Every Vote Should Matter

When you talk to politicians about the national popular vote very quickly almost everyone will say, why would a state give up the influence on the outcome of the presidential election that comes from the winner-take-all system? Why would politicians in that state pledge its electors to the winner of the national popular vote?

The question is based on a false premise that is hardly ever discussed. The winner-take-all system gives no weight to any votes in a state beyond the single one that provides the plurality. If 62% of the people in California vote for the democratic presidential candidate, then 11.9% or in other words more than one out of every five of those voters have no impact on the outcome of the presidential election. They are surplus. For that reason the Democratic presidential candidate does not try to maximize turn out in California. The Democratic campaign ignores the state. Instead of maximizing the influence of the state’s voters, this system of not counting votes in a grand national winner-always-wins way actually minimizes them. 

In addition, the winner-take-all system hurts the party that has the most support in a state because it disincentivizes that party’s efforts to persuade non-voters to support the party. Worse than that, the non-voters increasingly feel the winning party doesn’t care about them. They become like a free radical, susceptible to attachments of dangerously unpredictable chemistry. They threaten the ruling party’s future.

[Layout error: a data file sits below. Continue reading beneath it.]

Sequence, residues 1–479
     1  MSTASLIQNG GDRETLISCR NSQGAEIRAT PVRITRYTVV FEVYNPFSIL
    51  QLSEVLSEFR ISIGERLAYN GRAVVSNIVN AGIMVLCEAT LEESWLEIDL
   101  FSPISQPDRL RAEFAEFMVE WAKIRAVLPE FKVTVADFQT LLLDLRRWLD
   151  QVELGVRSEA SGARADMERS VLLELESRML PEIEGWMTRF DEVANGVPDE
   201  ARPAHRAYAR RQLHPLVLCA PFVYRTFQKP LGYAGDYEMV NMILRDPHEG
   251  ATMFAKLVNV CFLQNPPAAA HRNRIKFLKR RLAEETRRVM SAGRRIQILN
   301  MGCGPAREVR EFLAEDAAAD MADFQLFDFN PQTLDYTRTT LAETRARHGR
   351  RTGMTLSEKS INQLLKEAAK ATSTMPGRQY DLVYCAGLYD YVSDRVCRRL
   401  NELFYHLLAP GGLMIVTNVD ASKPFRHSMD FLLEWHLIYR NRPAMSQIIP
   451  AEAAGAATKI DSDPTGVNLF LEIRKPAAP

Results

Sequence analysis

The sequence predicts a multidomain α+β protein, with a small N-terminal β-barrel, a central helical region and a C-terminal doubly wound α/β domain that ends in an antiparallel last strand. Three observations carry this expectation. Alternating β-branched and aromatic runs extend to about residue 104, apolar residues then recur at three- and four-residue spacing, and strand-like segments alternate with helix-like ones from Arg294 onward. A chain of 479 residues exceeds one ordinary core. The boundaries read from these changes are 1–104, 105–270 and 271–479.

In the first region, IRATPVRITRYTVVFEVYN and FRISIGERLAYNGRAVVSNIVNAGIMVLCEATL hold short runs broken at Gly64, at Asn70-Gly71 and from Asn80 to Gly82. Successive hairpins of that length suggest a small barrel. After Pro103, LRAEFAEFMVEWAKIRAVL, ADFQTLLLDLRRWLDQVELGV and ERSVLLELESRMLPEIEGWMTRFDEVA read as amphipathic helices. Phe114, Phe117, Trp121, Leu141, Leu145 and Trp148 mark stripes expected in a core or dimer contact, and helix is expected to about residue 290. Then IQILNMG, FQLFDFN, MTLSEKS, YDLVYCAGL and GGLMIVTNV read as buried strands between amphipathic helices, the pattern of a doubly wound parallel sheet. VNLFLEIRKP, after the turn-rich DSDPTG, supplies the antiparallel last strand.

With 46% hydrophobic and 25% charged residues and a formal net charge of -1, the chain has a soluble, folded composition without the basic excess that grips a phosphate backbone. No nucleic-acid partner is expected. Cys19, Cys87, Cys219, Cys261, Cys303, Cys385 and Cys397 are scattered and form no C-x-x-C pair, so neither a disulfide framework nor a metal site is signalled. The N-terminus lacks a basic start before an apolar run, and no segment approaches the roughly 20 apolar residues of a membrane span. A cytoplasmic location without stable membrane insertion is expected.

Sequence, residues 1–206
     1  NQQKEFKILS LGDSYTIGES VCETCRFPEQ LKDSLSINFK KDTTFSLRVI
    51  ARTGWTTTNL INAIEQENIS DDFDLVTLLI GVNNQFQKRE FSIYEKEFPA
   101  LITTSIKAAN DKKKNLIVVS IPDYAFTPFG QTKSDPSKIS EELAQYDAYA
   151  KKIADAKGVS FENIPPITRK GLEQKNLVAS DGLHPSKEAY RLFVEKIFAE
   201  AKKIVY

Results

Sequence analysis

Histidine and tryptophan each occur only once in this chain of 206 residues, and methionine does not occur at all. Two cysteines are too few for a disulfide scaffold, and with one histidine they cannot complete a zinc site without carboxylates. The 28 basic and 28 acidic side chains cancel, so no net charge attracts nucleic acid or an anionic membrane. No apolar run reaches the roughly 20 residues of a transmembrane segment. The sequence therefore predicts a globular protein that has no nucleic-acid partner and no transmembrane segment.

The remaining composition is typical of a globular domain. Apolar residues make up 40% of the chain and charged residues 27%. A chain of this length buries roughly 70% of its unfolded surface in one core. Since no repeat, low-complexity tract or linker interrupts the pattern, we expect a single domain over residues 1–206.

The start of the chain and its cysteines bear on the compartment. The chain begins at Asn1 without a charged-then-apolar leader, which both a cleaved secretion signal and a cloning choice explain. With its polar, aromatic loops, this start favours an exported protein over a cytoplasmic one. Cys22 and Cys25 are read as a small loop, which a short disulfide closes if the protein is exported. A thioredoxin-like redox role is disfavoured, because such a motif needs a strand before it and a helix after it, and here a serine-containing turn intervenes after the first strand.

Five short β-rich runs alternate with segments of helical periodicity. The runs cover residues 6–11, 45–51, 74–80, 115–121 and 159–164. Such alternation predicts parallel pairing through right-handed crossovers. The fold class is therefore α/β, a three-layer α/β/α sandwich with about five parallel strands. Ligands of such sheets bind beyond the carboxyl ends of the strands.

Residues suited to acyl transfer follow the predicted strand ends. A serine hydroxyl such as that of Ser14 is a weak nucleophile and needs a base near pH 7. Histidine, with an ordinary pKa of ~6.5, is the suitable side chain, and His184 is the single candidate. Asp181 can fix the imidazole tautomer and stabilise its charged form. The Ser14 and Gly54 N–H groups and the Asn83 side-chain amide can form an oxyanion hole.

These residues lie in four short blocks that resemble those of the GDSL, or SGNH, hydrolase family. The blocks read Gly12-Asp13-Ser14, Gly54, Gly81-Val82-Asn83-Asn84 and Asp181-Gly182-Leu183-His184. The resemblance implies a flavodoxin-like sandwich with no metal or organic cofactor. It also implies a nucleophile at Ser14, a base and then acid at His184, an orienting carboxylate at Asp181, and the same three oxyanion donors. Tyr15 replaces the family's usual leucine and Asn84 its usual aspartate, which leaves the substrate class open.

Some may remember that California used to be a Republican stronghold. But the Republican Party in California did not maximize its own turn out, minimized its appeal to different factions, and then in the early 1990s chose not to pay attention to non-voting citizens who were born in other countries. The result was that an opportunity was created that the Democrats took.  They repositioned their party to capture the nonvoters and the ignored factions. They became the ruling party in California for the last quarter century. 

But because so many millions of Democratic voters in California are ignored by the presidential selection system, California Democrats now cannot deliver to their supporters the kind of impact in Washington that the voters demand. And they cannot make the case for maximizing turn out.

This is the reason California Democrats supported the National Popular Vote Interstate Compact. For the same reason every ruling party in every state should want the presidential candidate of their party to compete for votes in their state. The winner take all system discourages exactly that. 

In short, a party in power in a state is well advised to maximize participation in voting. And the best way to do that by far is to support the national popular vote. Other measures are useful, like easier registration or enfranchising the disenfranchised. But assuring that both campaigns strive to win the national popular vote will increase turnout by an extra order of magnitude relative to all other voting reforms.

Reed E. Hundt